To commemorate the visit of the Magi who brought gold, frankincense and myrrh to the infant Jesus, Epiphany became the day for giving gifts, especially to children. In the Spanish-speaking world the eve of the day of Los Tres Rejes Magos is when the three wise men pass through on their way to Bethlehem and leave presents for kids who, in turn, leave out snacks for the kings and their camels. In Spain their Majesties and their attendants can be seen processing through the city streets on January 5 in great splendour. In Italy the night of January 5 sees the visit of the Befana (the name itself is a corruption of Epiphania), an old lady who refused to spare time from her housekeeping to accompnay the Three Kings on their journey. She soon repented of her decision and tried to join the Magi but has never succeeded to this day. She therefore visits each home in search of the Christ Child and leaves presents for the little ones that she finds sleeping there.

In parts of the Middle East there is a charming story about this night and another gift-bringer. On the Night of Destiny, when the Magi first journeyed to Bethlehem the palm trees bent down to show them the way — as they have done, says legend, every January 5 since. Once a mule was tied to a tree on such a night and when the trees sprang back to their ordinary posture the beast was whipped high into the branches. To mark this miracle the Mule was made the gift-bringer in Lebanon where doors are left open for him to bring in the presents and where hay and water are set out to refresh him.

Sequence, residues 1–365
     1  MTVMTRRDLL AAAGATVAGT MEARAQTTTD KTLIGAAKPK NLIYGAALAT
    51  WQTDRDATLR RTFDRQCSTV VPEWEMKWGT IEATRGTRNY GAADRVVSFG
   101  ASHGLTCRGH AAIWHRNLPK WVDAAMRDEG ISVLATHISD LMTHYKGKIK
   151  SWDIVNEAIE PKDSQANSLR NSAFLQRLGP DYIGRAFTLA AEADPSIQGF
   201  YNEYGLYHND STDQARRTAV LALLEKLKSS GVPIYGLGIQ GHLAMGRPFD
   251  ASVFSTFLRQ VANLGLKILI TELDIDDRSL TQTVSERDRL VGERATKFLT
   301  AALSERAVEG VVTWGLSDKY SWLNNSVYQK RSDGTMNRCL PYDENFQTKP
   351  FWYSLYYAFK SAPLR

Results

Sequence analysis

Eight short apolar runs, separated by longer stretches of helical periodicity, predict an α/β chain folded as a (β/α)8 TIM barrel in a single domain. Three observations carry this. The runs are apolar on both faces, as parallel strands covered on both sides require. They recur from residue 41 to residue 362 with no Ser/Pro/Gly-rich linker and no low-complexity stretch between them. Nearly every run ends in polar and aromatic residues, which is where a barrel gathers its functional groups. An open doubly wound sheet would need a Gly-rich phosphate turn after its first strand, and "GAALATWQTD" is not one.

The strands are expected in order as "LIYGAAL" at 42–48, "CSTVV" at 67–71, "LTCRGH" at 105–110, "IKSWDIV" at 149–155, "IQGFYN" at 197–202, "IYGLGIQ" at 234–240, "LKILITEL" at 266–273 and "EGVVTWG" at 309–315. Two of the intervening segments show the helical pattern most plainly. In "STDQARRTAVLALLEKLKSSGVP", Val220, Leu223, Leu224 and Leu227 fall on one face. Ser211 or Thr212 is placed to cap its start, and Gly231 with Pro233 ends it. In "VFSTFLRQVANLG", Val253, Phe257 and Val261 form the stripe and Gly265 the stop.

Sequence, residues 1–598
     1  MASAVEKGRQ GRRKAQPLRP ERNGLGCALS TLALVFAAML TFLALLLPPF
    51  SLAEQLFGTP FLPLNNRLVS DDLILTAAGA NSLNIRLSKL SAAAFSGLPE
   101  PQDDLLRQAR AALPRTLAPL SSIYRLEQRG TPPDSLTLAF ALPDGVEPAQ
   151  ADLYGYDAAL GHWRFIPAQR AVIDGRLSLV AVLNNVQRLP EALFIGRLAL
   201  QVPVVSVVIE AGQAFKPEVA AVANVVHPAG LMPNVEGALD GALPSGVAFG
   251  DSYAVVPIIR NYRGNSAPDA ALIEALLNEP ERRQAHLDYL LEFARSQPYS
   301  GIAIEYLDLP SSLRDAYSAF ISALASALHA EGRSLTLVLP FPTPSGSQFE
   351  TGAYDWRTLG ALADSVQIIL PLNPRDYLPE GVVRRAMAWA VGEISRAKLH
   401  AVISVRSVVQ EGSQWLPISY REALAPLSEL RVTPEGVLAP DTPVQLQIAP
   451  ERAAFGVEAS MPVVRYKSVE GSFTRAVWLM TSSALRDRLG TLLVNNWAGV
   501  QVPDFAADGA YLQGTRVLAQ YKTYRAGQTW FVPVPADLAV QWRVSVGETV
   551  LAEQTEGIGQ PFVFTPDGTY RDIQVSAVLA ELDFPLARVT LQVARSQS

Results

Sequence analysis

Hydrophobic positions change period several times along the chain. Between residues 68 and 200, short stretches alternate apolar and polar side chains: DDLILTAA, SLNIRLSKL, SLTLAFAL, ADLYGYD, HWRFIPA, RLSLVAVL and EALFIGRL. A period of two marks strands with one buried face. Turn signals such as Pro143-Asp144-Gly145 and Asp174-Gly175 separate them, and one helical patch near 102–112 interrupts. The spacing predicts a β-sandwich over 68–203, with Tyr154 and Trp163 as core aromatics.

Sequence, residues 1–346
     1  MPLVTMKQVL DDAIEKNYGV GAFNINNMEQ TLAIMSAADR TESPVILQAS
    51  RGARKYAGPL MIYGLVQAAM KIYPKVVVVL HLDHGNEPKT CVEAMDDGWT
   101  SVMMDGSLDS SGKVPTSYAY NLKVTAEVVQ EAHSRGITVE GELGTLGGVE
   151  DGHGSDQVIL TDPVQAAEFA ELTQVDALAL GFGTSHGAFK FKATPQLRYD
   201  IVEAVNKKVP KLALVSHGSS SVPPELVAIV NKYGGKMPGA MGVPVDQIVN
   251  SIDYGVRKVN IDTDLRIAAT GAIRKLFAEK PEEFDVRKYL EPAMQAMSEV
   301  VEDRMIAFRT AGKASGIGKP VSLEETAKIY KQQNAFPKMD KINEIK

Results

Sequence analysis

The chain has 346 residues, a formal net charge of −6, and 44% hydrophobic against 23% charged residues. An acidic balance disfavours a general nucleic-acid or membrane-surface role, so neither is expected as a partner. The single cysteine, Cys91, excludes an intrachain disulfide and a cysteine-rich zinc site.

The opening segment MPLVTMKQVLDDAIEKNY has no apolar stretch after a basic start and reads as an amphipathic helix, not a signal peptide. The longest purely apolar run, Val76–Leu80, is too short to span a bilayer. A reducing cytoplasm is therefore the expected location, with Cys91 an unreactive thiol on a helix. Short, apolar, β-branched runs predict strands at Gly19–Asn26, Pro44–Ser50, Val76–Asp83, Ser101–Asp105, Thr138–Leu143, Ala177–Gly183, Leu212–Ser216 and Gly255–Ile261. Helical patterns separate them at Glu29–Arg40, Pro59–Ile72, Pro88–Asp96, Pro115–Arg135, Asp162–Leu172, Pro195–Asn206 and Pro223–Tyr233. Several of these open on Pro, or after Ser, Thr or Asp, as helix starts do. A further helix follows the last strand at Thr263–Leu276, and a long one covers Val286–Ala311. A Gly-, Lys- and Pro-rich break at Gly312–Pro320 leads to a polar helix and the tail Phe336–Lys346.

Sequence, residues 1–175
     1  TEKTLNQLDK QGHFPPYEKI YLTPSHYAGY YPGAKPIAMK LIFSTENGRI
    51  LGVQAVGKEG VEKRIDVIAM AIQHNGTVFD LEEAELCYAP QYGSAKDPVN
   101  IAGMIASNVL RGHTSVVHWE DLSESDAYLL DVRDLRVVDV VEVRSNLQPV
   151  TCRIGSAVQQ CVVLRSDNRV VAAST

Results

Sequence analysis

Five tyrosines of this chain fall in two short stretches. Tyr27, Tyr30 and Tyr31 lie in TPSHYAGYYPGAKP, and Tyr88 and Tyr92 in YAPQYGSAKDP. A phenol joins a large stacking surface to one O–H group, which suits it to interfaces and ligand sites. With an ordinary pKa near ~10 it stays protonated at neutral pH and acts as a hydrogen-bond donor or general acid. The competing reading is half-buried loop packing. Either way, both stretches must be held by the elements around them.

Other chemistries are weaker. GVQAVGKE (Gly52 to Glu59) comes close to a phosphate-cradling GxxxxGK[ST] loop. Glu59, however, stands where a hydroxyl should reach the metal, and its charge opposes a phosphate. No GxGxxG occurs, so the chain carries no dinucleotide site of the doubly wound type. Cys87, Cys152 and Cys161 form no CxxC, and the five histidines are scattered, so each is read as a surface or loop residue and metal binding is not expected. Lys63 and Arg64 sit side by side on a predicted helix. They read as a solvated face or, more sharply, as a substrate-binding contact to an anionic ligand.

Epiphany is also the time for houses to be blessed for the coming year. A priest will recite a prayer, sprinkle the house with holy water and cense the home and barn. The initials of the Magi and the number of the year are chalked on the door frame as in “20 K+M+B 15”. Even the chalk can be first consecrated with a Ceremonial Blessing of the Chalk.

Just as Epiphany serves as a time for houses to be blessed and evil forces expelled from them, so is January 6 the date for driving demons out of the whole town. In parts of Switzerland boys go about on Twelfth Night to make noise with horns and whips to drive away nasty wood spirits.  In the eastern Alps, the Berchtenlaufen ceremony sees 200-300 boys with masks, cowbells, whips and weapons shoot up the sky and make and make as much noise as possible.  In Eschenloe  in Upper Bavaria, three women with bags over their heads go house to house carrying a chain, a rake and a broom. They knock on doors with the chain, scrape the ground with the rake and sweep with the broom, all to clear away evil.

In England it has been the custom since the Middle Ages for the reigning king or queen to imitate the giving of gifts which the Magi brought. On January 6 during the Epiphany service in the Chapel Royal at Saint James’s Palace two Gentleman Ushers, acting on behalf on the monarch, bring forth silken bags containing gold, frankincense and myrrh. The gold is in the form of twenty-five gold sovereigns which, after the service, is changed into ordinary currency and donated to the poor. This presentation used to be carried out by the ruler himself until the madness of King George III prevented his participation; since then servants have carried out the custom by proxy.